Malaysia’s population estimated at 32 million this year
Malaysia’s population this year is estimated at 32 million, comprising 28.7 million citizens and the rest, non-citizens, according to the Statistics Department. Overall population increased 1.3% from 31.6 million last year, but males still outnumbered females at a 107:100 ratio. The median age for Malaysia is 28.3 years. The current population estimates for the period 2016-2017 based on the Population and Housing Census 2010 (Census 2010), considered three major components of population changes, including birth, death and migration. (The Sun Daily)

Bank Negara: Housing loan approval rates remain high
Housing loan approval rates in Malaysia continue to be high, despite the misconception that cooling measures have led to an increase in loan rejections. Bank Negara said banks approved a total of RM22.3bil of house financing in 1Q2017 to 90,137 borrowers. Of these, more than half was for buyers of affordable housing units priced below RM500,000. Overall housing loan approval rate remains high at 74.2%. Generally, housing loan applications were rejected if the borrower was already highly leveraged with weak credit history and had insufficient documentation to support ability to repay loan obligation. (The Star Online)

Sales fall despite more launches
According to NAPIC’s Malaysian Property Market Report 2016, developers launched a total of 52,713 houses last year, but only managed to sell 31.4% of them. In contrast, 42.1% of the houses put in the market in 2015 were sold. Penang reported the worst sales performance of newly-launched homes last year. Developers sold 9.9% of the total 5,646 units put up for sale, a big drop from 48.2% sold in 2015. “Developers are looking at innovative ways to sell their properties but sales are not moving as expected. Its either they build and sell less, or reduce their selling prices,” said a property consultant. There is high demand in the secondary market as the area is more mature and waiting period is shorter. In the NAPIC report, Johor leads with the most unsold units (16,341), followed by Selangor (14,509), Penang (12,933) and Kuala Lumpur (9,188). (NST Online)

PublicInvest: Property prices expected to hold
PublicInvest Research maintains that the property market will remain challenging in 2017 due to the difficult trading environment currently, driven by weak sentiment, low affordability, stricter bank lending and rising incoming supply. The sector is also faced with high property prices (and high household debt) and oversupply in certain segments-such as high-end condominiums especially in Iskandar. It believed property prices would still hold up well however, supported by ample liquidity, high input costs (due to compliance/land costs), the low interest rate environment and strong secular positives (young demographics and improved connectivity from MRT/LRT/HSR spending). (The Star Online)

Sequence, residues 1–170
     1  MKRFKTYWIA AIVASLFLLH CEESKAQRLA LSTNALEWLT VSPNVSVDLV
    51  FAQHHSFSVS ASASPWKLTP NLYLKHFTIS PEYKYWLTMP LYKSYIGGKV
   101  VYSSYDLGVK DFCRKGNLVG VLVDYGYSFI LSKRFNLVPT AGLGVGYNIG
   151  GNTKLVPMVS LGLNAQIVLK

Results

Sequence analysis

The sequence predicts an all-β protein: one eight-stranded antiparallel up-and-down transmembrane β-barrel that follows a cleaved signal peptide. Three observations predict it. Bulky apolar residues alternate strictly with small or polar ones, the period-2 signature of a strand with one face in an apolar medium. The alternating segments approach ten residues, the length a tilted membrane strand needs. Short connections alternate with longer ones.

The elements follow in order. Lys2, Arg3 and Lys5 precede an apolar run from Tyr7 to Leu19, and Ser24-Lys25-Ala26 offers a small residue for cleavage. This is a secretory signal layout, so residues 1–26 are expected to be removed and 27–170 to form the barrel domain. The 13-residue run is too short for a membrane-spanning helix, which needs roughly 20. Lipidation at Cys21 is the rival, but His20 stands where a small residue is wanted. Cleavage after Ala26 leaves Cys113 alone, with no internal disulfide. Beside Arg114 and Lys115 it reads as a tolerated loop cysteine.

Ajiya signs MoU with SPNB for housing projects
Ajiya Bhd has inked a one-year MoU with Syarikat Perumahan Negara Bhd (SPNB) to implement Ajiya’s Green Integrated Building Solutions (AGIBS) in the development of housing projects under SPNB Group. Ajiya would supply its AGIBS at an agreed cost which would be determined later and/or be appointed as design and build contractor for the housing projects under SPNB Group. SPNB is entrusted with the responsibility of developing affordable housing for Malaysians in the lower and middle income group. (The Star Online)

In-depth study on unsold low-cost homes needed
The Real Estate and Housing Developers’ Association (Rehda) said an in-depth study on unsold low-cost homes needs to be done, in response to a suggestion that the Johor government should buy up unsold units to help out property developers. The association is in discussion with the Urban Wellbeing, Housing and Local Government ministry, and is in the midst of collecting data on these unsold low-cost units. It is in the process of finding out how many low-cost units have been built, how many are unsold and where these units are located so that it can advise the government on where not to build and where these low-cost units are needed. (The Edge Markets)

Lien Hoe sells Johor land for RM100mil
Lien Hoe Corp Bhd is planning to sell an estimated 15ha (36.4 acre) land in Johor Bahru for RM100.54 million to generate cash, which will finance the company’s capital requirements. It is selling the freehold land along Jalan Persiaran Seri Alam to Plato Assets (M) Sdn Bhd. The tract, which has been earmarked for commercial buildings, has a net book value of RM10.15 million and the land had a market value of RM103.06 million. (The Edge Markets)

Amprop, Grosvenor to develop high-end apartments in Madrid
Amcorp Properties Bhd (Amprop) and joint venture partner Grosvenor Europe Investments Ltd have acquired two new properties in Madrid, which will be transformed into high-end residential and commercial space. The properties in the Chamberi district were a 10-storey office building and a six-storey corner building on Modesto Lafuente and Santa Engracia streets. The office building would be converted into 13 exclusive apartments, while the corner building would be refurbished into 18 stylish apartments including two unique terraced penthouses. (The Star Online)

480 claim to be cheated of RM2.7mil by housing developer
Between April 2016 and February this year, some 480 people claimed they were cheated of more than RM2.7 million in total by the developer when they were promised affordable housing under the project near Ulu Yam. According to some of the buyers, the project never took off and the site is devoid of any development. The townhouses were to be sold for between RM100,000 and RM200,000. An Indian community NGO has advised the victims to file police reports and hold on to the bounced cheques as evidence. (Free Malaysia Today)